First of all, knowing what chemicals you have in your home is crucial. Also, knowing basics like don’t mix bleach with ammonia will go a long way in protecting you and your family. Know what substances are toxic, flammable, reactive, corrosive, irritants, etc. There are often easy to read symbols that describe these properties. There will also be information on the label if there is a danger associated with the product like ‘use in a well-ventilated area.’ If you do not understand these symbols or warnings, try to find the information on the web or a company hotline. Always use caution if you are in any way unsure of how a chemical will affect your skin, eyes, breathing, health etc.
That being said, never leave chemical products unattended particularly in households with pets and/or especially children. Discard products that are leaking or have broken containers. In case of emergency, have a poison control center number posted near or stored in every phone in the house.
Cleaning products and pesticides aren’t the only sources of toxic chemicals in the home. Carpets, furniture, building materials, paints, mattresses, kitchenware, and even food are all potential sources of chemical poisoning. Though the effects of exposure to these toxins may not be immediately apparent, long-term exposure can have serious health consequences, including cancer, neurological disorders, respiratory conditions and even death. Clearing all of these dangerous sources from your home is extremely challenging, and in many cases impossible, since they’re essentially built in. However, one of the simplest things you can do is keep your windows open. Adequate ventillation is key to reducing the amount of toxins in your home.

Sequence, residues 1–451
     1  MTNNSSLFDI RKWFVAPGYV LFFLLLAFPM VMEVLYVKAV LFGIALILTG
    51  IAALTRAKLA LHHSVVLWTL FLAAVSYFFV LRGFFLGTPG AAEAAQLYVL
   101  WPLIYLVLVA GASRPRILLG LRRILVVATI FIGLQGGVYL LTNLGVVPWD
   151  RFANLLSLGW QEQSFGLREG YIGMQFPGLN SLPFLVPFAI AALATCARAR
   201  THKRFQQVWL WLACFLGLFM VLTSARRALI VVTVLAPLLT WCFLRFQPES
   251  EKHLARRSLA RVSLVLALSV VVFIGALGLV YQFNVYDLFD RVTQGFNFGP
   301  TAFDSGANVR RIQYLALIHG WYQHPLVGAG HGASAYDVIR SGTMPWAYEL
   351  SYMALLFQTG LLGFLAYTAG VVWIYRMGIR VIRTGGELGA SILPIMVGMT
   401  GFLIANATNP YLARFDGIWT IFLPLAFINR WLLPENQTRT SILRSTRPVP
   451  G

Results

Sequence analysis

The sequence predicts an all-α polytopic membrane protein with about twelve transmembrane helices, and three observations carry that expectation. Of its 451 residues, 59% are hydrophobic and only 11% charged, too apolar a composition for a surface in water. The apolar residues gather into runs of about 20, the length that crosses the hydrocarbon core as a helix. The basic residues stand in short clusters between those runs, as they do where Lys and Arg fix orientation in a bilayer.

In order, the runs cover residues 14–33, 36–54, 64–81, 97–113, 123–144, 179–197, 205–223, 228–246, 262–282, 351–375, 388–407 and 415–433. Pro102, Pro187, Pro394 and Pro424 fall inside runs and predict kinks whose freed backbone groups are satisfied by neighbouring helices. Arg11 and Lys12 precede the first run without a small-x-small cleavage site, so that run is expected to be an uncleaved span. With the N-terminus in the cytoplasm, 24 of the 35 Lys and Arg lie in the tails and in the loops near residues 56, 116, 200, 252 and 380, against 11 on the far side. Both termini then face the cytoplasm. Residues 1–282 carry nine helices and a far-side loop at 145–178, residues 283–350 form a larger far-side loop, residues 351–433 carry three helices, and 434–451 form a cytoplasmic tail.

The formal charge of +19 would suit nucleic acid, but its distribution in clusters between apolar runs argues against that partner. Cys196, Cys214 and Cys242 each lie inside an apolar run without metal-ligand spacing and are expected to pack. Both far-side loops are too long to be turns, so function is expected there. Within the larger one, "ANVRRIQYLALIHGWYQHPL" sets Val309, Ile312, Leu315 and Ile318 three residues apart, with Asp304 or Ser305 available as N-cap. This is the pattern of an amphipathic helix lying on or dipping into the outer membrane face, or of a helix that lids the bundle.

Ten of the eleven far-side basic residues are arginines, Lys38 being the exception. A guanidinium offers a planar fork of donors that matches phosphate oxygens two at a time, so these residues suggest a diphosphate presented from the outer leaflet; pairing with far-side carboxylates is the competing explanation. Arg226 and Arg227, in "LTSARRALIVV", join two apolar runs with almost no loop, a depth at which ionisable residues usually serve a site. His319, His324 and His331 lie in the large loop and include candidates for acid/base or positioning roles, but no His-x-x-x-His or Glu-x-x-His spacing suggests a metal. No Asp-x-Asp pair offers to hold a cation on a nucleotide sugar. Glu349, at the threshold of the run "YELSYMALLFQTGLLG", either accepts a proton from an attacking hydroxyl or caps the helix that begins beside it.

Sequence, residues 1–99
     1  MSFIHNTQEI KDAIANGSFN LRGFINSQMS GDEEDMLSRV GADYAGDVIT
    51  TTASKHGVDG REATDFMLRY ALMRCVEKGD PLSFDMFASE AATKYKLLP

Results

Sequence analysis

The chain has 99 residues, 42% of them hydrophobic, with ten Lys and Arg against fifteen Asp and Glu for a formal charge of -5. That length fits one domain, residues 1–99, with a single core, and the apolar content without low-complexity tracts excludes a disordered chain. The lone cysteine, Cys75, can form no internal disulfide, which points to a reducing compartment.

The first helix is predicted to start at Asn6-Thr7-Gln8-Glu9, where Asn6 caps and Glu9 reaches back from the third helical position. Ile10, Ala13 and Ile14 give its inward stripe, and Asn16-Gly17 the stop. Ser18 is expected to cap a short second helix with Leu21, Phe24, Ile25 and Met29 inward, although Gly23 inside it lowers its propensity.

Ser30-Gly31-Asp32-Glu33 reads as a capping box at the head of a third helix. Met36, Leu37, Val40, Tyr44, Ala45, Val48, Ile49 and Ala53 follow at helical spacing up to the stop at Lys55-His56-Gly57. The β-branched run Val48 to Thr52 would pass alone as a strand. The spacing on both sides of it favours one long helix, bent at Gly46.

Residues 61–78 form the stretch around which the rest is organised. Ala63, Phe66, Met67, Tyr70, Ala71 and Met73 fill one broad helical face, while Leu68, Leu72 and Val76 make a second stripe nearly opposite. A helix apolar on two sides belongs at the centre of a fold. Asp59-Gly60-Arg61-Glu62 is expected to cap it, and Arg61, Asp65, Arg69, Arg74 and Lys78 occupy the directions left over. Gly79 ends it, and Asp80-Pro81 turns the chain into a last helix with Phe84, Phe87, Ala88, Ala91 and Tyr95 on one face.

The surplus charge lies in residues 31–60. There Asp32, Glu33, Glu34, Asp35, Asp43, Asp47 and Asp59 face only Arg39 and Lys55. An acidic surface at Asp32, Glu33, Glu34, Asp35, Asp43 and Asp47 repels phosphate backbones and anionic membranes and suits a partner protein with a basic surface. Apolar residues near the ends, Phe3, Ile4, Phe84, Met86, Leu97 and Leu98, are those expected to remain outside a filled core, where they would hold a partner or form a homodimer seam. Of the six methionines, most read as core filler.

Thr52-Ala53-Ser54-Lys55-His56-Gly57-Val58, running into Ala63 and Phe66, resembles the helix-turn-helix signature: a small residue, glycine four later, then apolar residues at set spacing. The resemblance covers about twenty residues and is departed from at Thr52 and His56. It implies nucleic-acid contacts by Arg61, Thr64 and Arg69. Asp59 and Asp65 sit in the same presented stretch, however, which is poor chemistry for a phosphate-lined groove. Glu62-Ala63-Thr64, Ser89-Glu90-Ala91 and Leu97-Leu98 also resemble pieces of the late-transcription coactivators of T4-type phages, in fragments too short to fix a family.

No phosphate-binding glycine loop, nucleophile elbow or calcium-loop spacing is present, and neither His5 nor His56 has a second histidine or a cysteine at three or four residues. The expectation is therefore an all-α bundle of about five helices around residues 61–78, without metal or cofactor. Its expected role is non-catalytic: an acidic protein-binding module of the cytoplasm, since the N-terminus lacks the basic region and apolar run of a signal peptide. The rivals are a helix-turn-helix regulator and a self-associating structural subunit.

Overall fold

Removing items that contain or generate toxic chemicals, and buying safer items, is also a wise move. This requires becoming familiar with the type of toxins present in certain objects and determining the risk the pose to you and your family. Generally, the risk posed to infants and children is greater than that posed to adults, so if you’re trying to prioritize, start in your children’s rooms. Chemicals in infants’ mattresses, for example, have been cited as likely causes of SIDS, so they should be among the first things to go.
In addition to the acute poisoning that may result from harsh cleaners which you may use infrequently, cosmetics may contribute to slower, more chronic poisoning. Lead can be found in lipstick, and other dangerous substances abound in fragranced products. “Unscented” products often contain additional chemicals that cover up the scents produced by their active ingredients. Therefore, “Fragrance free” products are a better option. When in doubt, read the labels!
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